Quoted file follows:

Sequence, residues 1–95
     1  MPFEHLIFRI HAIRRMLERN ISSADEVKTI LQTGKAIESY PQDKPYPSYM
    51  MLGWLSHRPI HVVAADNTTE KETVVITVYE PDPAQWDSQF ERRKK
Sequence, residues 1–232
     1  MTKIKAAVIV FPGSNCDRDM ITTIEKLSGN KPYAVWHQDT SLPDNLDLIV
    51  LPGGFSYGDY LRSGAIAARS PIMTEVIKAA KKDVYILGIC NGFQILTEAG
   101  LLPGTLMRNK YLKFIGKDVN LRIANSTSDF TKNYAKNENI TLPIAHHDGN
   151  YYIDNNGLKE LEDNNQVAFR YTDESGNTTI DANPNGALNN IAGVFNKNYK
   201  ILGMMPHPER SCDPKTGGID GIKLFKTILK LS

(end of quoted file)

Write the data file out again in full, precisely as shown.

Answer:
Sequence, residues 1–95
     1  MPFEHLIFRI HAIRRMLERN ISSADEVKTI LQTGKAIESY PQDKPYPSYM
    51  MLGWLSHRPI HVVAADNTTE KETVVITVYE PDPAQWDSQF ERRKK
Sequence, residues 1–232
     1  MTKIKAAVIV FPGSNCDRDM ITTIEKLSGN KPYAVWHQDT SLPDNLDLIV
    51  LPGGFSYGDY LRSGAIAARS PIMTEVIKAA KKDVYILGIC NGFQILTEAG
   101  LLPGTLMRNK YLKFIGKDVN LRIANSTSDF TKNYAKNENI TLPIAHHDGN
   151  YYIDNNGLKE LEDNNQVAFR YTDESGNTTI DANPNGALNN IAGVFNKNYK
   201  ILGMMPHPER SCDPKTGGID GIKLFKTILK LS